New Voices in Fiction Spotlight: Charlotte Rogan

Posted by Kobo Reads August  15, 2012

 

All first-time authors begin with a blank page. For Charlotte Rogan, author of The Lifeboat, this is the hardest part. Find out how she overcomes the daunting blank pages and takes her novel to the finish line as we continue the Kobo New Voices in Fiction Week.

Check out The Lifeboat at Kobo.com. And be sure to follow us on Twitter with #KoboNewFiction hashtag

 

Kobo: What was the inspiration of The Lifeboat?

Charlotte Rogan: I found the germ of the story in my husband’s old criminal law text, which included two 19th century cases where shipwrecked sailors were put on trial after being rescued. I was particularly intrigued by the moral dilemmas involved in survival situations and by the idea that the law of society isn’t quite suited to people facing extreme situations and scarce resources. Not too long after that, the character of Grace Winter came to me and started telling me her story.

Kobo: What were some of the challenges you encountered while writing The Lifeboat?

CR: I am not a very organized writer, and the story will shoot off in all sorts of directions—some productive and some not. There comes a time when I have to wrestle these wild strands into a coherent whole. This requires rigorous pruning and shaping, as well as writing a certain amount of connective tissue to make sure that everything fits nicely together. Besides the very beginning of a project, when there is only the blank page and a vague idea, this is the hardest phase for me.

Kobo: How was it to become Grace?

CR: There are little pieces of me in all of my characters. This might manifest as a point of view or an interest or a situation a character finds herself in. While there is nothing autobiographical about the story of The Lifeboat, I did grow up in a family of sailors, so I know what it is to be fearful of falling overboard in a storm.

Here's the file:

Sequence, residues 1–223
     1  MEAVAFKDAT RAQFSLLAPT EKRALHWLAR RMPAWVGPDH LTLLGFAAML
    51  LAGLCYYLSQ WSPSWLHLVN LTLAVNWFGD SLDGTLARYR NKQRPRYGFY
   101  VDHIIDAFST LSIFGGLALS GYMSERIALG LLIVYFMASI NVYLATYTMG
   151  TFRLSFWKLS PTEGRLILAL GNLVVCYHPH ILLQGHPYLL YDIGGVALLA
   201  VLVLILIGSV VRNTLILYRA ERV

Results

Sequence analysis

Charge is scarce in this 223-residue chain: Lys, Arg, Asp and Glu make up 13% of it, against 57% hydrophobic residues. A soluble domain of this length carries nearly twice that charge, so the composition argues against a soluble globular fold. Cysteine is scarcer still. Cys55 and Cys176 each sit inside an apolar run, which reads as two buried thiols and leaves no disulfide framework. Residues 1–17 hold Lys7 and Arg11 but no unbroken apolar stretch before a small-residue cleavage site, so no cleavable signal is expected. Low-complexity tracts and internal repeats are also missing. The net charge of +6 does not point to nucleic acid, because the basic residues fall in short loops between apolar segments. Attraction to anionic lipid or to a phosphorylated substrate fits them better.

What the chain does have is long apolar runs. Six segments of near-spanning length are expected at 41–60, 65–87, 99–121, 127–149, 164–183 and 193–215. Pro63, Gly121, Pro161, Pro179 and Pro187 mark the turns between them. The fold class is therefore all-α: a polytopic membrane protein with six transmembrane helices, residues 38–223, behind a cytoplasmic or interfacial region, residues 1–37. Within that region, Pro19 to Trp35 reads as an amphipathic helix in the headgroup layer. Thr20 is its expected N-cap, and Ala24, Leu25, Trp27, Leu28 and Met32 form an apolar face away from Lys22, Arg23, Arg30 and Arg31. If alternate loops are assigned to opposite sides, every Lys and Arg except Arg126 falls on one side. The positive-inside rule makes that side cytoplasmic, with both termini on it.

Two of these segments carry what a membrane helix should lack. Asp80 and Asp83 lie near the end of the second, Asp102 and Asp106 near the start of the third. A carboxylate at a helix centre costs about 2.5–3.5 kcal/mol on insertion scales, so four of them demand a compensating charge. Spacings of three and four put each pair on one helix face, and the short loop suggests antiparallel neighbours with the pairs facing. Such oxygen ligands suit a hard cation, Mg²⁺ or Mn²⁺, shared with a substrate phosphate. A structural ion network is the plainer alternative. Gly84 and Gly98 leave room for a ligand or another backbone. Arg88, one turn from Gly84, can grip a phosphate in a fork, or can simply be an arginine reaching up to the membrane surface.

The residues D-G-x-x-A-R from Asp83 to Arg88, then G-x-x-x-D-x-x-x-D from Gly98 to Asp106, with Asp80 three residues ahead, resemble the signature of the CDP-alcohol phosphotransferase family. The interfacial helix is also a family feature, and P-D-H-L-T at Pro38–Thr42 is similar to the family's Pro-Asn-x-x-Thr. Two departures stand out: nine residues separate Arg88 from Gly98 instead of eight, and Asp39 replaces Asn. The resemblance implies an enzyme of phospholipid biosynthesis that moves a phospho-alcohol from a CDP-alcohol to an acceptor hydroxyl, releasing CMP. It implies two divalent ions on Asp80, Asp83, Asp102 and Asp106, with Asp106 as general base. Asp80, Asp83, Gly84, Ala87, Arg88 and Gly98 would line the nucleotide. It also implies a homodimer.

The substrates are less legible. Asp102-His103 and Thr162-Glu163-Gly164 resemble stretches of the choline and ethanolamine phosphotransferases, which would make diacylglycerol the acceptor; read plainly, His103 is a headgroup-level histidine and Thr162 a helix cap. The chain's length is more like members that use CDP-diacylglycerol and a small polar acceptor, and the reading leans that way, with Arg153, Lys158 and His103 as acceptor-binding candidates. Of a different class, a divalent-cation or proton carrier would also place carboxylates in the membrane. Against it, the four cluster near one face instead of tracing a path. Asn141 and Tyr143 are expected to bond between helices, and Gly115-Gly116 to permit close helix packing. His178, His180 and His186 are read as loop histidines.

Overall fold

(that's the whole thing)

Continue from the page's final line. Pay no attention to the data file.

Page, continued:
Kobo: What was it like to finally finish writing the book?

 

CR: The process of bringing a book to publication made me realize that a manuscript is “finished” several times. For me, these included: the point I considered it finished enough to send to my literary agent; the point he and I considered it finished enough to send to prospective publishers; the point when I had successfully addressed the suggestions of my Little, Brown editor; and the point when the manuscript had been through the copyediting process and was headed to press. Each time, I felt that the manuscript was as good as I could get it, and each time, I felt a huge sense of satisfaction.

Kobo: What books do you feel influenced you the most when writing The Lifeboat?

CR: It would be impossible to include here all of my writing influences for truly, it was the books of other writers that taught me how to write. Here are a few of the books that knocked my socks off for one reason or another and that I still return to for inspiration, but there are others that were equally important to me.

- The Unbearable Lightness of Being and Life is Elsewhere by Milan Kundera for quick shifts in scene and economical characterization

- Hunger by Knut Hamsun and The Victim by Saul Bellow for psychological depth

- The Mountain Lion by Jean Stafford for surprising characters and stunning language

- Despair by Vladimir Nabokov for claustrophobic point of view;

- Stories in an Almost Classical Mode by Harold Brodkey for depth of moment and language;

- An Experiment in Love by Hilary Mantel for language and structure;

- A Distant Episode by Paul Bowles and Waiting for the Barbarians by J.M. Coetzee for human brutality and violence.

 

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